By Maria Dibble
On December 13, 2020, Barbara Jarvis, aged 84, who lived in a nursing facility near Syracuse, NY, was found dead. She could not walk without assistance, and the staff were supposed to help her go to and from the bathroom, according to her care plan. They didn’t help her, because they hadn’t read the plan. She tried to go on her own, slipped and fell, and hanged herself when her nightgown caught on a doorknob. She had only lived there for three months, during which she lost 27 pounds.
This facility—Van Duyn Center for Rehabilitation and Nursing—had been cited numerous times over the past decade for deficiencies, including failing to provide 18 residents with their medications on a single day because no nurse was assigned to the job, and keeping a rotting body in its morgue at a temperature between 80 and 90 degrees. In fact, the facility had three times the New York State average number of deficiencies over a period of four years, and it was sued for malpractice or negligence 20 times since 2016. Although the COVID-19 pandemic contributed to staff shortages in nursing facilities, inadequate staffing was a longstanding problem at Van Duyn, which was cited in 2017 for not having enough nurses or aides…
Despite a major influx of money to the state, the final New York State 2021-22 budget continues the Cuomo Administration’s austerity approach to supports and services for people with disabilities.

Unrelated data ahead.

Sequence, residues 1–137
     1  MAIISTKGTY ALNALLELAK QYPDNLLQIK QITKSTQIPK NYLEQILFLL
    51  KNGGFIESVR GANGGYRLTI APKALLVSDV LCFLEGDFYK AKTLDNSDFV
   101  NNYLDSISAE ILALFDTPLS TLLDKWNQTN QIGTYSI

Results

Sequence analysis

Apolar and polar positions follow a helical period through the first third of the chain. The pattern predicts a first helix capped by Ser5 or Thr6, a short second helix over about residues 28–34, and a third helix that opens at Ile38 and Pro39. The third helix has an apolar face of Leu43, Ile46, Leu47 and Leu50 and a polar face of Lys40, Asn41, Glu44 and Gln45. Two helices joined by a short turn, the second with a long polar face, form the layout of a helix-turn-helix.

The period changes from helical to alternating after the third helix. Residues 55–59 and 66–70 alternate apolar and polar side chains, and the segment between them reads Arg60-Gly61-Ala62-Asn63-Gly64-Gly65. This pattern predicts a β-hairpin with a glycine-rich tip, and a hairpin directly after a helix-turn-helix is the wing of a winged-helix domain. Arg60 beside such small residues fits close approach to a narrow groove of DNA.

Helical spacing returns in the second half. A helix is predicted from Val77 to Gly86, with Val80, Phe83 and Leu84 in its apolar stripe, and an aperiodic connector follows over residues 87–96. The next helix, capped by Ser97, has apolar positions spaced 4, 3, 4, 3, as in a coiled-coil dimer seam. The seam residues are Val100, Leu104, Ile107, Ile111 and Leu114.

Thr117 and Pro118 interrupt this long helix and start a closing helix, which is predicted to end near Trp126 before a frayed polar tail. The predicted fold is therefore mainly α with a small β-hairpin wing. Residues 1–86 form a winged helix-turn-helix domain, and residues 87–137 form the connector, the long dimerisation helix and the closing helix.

The state was awarded around $12.7 billion in “direct aid” from Joe Biden’s American Rescue Act. Billions more—some reports say as much as $100 billion total—will potentially come into NY from that law for special purposes such as COVID-related support for schools and a higher federal matching share of Medicaid for home and community based services. This last item is quite slippery though; see below…
By Charlie Kramer
Dear friends and fellow travelers in the Disability Rights Movement, and my wonder-filled friends at STIC:
August 16 is my retirement date. Thirty-five years to the day I started. I can not express how grateful I am to Maria and Frank who brought me on. There were only eight of us. I will not forget the day Frank and Connie Head came to my office to check out the accessibility and talk.
This is a difficult time for me, saying goodbye to this portion of my life. It has been an honor to work with so many individuals who have taught me as we walked the road of life together. Sometimes it was short; some have been with me for many years. I am richer for it…